Company That Produced Merchandise for Top Artists Failed to Pay Workers Due Wages

Money
Official merchandise for top artists including Lady Gaga, the Rolling Stones, Britney Spears, and Ariana Grande may have been made by workers at a San Diego silk-screening contractor who failed to pay workers their due wages. According to a news release issued by the U.S. Department of Labor, an investigation by its Wage and Hour Division has concluded that King Graphics in San Diego, a contractor for a number of entertainment merchandise manufacturers, shortchanged workers by failing to pay overtime wages.

Overtime Wage Violations

Companies must pay overtime at time and one-half the required rate of pay for all hours worked over 40 in a workweek. Failure to do so is a violation of the federal Fair Labor Standards Act or FLSA. Following the investigation, the U.S. District Court for the Southern District of California entered a consent judgment last month under which King Graphics agreed to pay $134,957 in overtime pay and an equal amount in liquidated damages – a total of $269,914 to the affected 76 workers. King Graphics will make this payment through a related class-action lawsuit brought by the employees. Officials reminded that while celebrities, retailers, and manufacturers profit from t-shirts sold for $40 or more, low-wage workers who produce the merchandise work overtime to meet consumer demand and become victims of wage theft. Officials also emphasized that the Wage and Hour Division will enforce wage and hour laws regardless of a workers’ immigration status and can speak confidentially with callers in more than 200 languages.

Protecting Your Rights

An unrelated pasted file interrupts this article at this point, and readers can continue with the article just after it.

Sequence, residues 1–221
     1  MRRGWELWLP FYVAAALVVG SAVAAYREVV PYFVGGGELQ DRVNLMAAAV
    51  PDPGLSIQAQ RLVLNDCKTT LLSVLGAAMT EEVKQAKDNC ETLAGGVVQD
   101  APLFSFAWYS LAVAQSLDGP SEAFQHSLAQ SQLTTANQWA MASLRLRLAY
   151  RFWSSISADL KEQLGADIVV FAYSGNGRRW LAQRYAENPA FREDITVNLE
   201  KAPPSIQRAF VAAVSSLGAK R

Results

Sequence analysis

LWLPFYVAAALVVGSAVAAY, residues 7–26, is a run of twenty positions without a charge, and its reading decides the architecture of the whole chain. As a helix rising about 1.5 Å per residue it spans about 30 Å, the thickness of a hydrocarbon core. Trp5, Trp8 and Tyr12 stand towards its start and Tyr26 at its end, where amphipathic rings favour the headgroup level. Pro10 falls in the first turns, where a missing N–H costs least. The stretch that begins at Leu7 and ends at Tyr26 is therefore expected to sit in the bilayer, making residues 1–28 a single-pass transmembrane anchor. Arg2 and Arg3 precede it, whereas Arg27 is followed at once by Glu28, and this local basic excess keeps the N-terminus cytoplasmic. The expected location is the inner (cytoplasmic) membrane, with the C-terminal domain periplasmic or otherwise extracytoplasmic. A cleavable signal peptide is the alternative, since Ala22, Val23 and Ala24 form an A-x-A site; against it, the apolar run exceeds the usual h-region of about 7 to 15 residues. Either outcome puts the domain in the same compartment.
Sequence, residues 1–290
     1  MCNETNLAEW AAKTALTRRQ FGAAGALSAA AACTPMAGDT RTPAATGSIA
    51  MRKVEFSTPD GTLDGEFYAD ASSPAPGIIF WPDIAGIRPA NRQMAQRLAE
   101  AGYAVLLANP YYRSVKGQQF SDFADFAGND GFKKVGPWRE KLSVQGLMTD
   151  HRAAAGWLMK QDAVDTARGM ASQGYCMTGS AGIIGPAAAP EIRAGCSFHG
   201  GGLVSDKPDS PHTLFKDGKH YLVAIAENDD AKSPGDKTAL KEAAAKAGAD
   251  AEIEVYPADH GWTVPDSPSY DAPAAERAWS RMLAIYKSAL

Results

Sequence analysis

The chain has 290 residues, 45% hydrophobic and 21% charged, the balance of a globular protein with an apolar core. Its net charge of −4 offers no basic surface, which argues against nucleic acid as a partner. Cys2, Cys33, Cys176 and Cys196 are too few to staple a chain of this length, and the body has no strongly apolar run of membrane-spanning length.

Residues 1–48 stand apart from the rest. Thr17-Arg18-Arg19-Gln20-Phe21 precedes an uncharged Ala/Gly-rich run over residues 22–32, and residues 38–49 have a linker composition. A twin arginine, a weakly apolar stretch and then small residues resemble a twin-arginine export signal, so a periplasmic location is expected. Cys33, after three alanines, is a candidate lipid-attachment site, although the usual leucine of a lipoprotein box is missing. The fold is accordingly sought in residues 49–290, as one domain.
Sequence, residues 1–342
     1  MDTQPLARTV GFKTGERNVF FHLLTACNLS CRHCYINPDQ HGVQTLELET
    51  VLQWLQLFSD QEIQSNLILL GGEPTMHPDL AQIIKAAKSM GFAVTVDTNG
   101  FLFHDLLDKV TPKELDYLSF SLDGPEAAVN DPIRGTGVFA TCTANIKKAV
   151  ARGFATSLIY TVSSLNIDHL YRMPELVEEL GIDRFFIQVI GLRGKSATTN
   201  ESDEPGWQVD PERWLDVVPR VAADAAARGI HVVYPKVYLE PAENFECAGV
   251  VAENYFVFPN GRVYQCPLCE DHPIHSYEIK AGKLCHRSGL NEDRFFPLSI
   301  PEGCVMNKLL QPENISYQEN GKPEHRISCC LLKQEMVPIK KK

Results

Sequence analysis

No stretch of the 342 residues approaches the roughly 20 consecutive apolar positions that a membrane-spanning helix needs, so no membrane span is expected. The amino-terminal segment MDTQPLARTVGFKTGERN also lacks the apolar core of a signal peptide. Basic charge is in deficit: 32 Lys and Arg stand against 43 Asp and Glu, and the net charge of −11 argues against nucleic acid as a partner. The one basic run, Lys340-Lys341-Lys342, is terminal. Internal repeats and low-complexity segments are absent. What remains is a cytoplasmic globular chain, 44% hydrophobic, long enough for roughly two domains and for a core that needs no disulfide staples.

Both federal and California laws require nonexempt employees to be paid overtime wages when they work more than 40 non-overtime hours in a workweek. California law goes even further than federal overtime protections. California law requires that overtime wages must be paid when an employee works more than 8 hours in a workday, more than 40 hours in a workweek or a seventh consecutive day in any workweek. The usual overtime rate of pay is one and one-half the employee’s regular rate of pay. However, the employee is entitled to double time when he or she works in excess of 12 hours in a workday or in excess of eight hours on the seventh consecutive workday in a workweek. If you believe that your employer is not paying you due wages or if you did not receive payment in a timely manner after you quit your job or were terminated, you may be able to file a California employment lawsuit seeking compensation for back wages and other losses. It would be in your best interest to keep a good record of your hours worked and what you weren’t paid, and contact an experienced employment lawyer who will fight to protect your rights and best interests. Source: https://www.dol.gov/newsroom/releases/whd/whd20220509-1

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